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Wednesday, March 16, 2011

Canine brucellosis confirmed in six Michigan counties, and the possible culprit

Brucellosis is a venereal disease that you hear about typically with regard to breeding canines, but a Michigan State University veterinarian and researcher has stern news: Not so fast.

In light of an outbreak that has affected six counties and is suspected in another ten - Missaukee, Osceola, Wexford, Grand Traverse, Ottawa, and Macolm - Cheri Johnson, DVM, MS, Dipl. ACVIM warns people not to discount the fact that the highly transmissible disease is spread simply through breeding. 
flickr photo courtesy of Acme Canine

Any dog owner will tell you that dogs frequently poke their noses in all sorts of places. They have a habit of eating gross stuff and licking things that they shouldn't. By and large, it's not an issue. 

Brucella, as the bacterial disease is referred to, is present in the bodily fluids of infected vertebrates - in higher concentrations in the semen, urogenital secretions, fetal membranes - but can also be found in urine and saliva.

There's no reason for the average pet owner to get all up-in-arms. It's a pretty safe bet that your typical pooch isn't going to be infected with the disease via casual contact.

In fact, humans rarely pick up the strain of brucella that canines get, B. canis, but you can transmit it to other dogs. Good hygiene is a must, of course, if you have contact with bodily fluids, regardless (remember the "happy birthday rule", though).

If you are considering breeding your dog, here's some food for thought: It's a good idea to have your dog tested, and insist that the owner of your dog's mate produce documentation of a clean bill of health. Since brucella can be hard to detect, and  it's so slow growing, blood tests that are typically done may not give the correct result and the disease could still be present - so proceed with caution.

Brucella is treated with antibiotics, but it's not a foolproof solution; the bacteria are hearty, and great at hiding out in the host cells.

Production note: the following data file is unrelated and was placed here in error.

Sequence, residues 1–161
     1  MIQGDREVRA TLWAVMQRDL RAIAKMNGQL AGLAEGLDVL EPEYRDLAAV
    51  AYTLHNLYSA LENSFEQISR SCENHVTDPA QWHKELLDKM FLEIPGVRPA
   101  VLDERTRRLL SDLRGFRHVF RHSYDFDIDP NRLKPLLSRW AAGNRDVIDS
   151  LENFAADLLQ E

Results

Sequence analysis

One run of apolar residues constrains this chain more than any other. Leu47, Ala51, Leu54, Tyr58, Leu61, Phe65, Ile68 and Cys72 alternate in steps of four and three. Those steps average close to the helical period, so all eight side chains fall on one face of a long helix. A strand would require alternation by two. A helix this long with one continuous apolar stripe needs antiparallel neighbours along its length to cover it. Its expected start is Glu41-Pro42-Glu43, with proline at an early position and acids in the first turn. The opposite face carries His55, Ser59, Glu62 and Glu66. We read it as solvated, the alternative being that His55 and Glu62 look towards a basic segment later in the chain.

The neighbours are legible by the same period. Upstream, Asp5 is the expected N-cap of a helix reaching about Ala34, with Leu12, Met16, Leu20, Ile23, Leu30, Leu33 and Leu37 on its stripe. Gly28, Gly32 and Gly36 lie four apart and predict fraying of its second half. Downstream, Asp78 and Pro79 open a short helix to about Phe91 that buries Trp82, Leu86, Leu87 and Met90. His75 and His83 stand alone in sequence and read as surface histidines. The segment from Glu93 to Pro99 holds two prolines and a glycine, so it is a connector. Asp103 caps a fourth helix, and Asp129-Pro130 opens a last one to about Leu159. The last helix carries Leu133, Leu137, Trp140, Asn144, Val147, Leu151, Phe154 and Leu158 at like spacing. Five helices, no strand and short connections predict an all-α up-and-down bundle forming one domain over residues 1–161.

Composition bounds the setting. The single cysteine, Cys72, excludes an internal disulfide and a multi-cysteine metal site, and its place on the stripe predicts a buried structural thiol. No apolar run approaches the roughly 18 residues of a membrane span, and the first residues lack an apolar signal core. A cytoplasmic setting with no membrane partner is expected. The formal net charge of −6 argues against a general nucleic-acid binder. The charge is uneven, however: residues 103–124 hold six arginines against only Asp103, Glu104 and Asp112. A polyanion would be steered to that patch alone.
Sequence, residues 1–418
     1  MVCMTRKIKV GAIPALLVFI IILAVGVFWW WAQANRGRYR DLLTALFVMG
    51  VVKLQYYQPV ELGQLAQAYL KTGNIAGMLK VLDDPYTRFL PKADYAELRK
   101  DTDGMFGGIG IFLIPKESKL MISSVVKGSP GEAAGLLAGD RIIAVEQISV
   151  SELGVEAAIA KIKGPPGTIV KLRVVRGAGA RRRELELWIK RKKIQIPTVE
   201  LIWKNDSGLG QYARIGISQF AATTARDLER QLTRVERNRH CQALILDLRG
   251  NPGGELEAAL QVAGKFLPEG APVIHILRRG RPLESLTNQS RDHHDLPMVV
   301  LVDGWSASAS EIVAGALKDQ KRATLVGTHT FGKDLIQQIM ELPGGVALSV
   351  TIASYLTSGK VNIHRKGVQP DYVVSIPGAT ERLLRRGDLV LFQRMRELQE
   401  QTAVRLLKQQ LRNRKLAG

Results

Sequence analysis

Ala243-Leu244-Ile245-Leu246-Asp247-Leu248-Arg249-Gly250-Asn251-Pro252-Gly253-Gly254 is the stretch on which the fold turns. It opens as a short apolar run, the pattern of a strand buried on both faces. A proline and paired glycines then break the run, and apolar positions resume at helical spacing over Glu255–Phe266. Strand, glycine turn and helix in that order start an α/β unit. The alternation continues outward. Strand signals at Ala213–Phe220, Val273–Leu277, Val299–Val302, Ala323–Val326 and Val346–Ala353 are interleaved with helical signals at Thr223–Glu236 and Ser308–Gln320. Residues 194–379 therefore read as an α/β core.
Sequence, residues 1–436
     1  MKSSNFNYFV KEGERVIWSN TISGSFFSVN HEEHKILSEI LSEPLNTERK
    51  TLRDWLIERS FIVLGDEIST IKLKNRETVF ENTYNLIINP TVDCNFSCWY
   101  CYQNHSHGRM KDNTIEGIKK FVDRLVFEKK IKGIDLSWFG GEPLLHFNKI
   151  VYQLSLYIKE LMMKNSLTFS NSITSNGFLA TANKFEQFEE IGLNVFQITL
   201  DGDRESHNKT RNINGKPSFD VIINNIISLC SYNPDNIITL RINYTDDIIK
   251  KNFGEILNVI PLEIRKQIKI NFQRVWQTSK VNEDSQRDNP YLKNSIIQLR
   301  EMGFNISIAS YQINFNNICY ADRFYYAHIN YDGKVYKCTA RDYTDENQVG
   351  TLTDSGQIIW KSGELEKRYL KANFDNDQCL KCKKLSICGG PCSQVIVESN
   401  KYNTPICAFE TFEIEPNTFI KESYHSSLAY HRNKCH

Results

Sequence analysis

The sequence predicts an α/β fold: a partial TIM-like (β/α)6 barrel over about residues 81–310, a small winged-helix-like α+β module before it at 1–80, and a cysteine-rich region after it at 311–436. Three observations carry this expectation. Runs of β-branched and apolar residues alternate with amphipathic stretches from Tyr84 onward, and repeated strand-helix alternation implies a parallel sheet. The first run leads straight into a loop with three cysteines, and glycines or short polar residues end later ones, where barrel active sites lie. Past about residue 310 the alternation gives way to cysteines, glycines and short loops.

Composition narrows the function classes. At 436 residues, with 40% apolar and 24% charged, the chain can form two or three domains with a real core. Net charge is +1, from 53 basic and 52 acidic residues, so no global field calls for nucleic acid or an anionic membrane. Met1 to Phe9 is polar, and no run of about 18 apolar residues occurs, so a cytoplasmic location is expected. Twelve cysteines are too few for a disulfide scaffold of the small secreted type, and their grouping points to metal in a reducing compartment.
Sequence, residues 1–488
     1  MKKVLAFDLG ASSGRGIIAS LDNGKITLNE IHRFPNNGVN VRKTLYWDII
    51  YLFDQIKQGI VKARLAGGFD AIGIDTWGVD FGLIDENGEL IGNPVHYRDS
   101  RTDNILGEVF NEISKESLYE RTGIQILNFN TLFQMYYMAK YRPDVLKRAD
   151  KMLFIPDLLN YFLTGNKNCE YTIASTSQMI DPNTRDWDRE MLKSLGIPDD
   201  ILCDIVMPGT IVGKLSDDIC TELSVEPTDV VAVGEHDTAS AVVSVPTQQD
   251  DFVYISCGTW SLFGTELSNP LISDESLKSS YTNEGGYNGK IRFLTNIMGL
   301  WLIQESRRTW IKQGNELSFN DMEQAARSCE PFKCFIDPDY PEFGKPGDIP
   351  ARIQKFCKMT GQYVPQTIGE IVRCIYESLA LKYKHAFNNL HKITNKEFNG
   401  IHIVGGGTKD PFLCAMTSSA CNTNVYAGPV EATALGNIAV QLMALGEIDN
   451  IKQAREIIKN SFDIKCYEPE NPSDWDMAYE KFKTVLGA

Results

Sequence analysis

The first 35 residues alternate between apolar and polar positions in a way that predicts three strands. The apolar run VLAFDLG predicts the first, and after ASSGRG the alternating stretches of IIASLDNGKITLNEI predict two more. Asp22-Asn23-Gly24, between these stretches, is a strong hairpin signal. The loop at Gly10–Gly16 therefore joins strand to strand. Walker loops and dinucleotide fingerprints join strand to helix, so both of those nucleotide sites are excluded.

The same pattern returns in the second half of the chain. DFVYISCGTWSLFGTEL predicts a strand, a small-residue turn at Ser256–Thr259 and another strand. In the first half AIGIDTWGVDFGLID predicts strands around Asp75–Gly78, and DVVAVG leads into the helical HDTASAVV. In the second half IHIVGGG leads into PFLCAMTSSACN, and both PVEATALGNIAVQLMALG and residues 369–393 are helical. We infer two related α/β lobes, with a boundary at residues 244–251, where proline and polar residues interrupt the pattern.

Johnson notes another issue that can be a problem however, for a wider demographic of dog owners. "To avoid euthanasia, well-intended but misguided rescue organizations in Michigan have rescued dogs from infected kennels and adopted them out as pets to unsuspecting owners, whose veterinarians will be equally unsuspecting."

This may or may not be a contributing factor to the diseases' re-emergence, but it does highlight the need for education about transmissible disease for rescues and for those who prefer to adopt from them. This statement in no way demonizes rescues or the work that they do, but if they are conducting themselves in a questionable manner, then that poses a problem.


The bacteria is slow-growing and is masterful at hiding out in the urinary and reproductive tract. Infected pets typically look and seem healthy, and while that's the case, the disease can cause long-term damage to your pet, like inflammation in the spleen, liver, discs in the spine and kidneys. Inflammation in the joints can occur, as well.


Read more here.


Lorrie Shaw is a pet blogger and professional pet sitter and dog walker in the Ann Arbor area. Follow her daily adventures on Twitter or email her directly.


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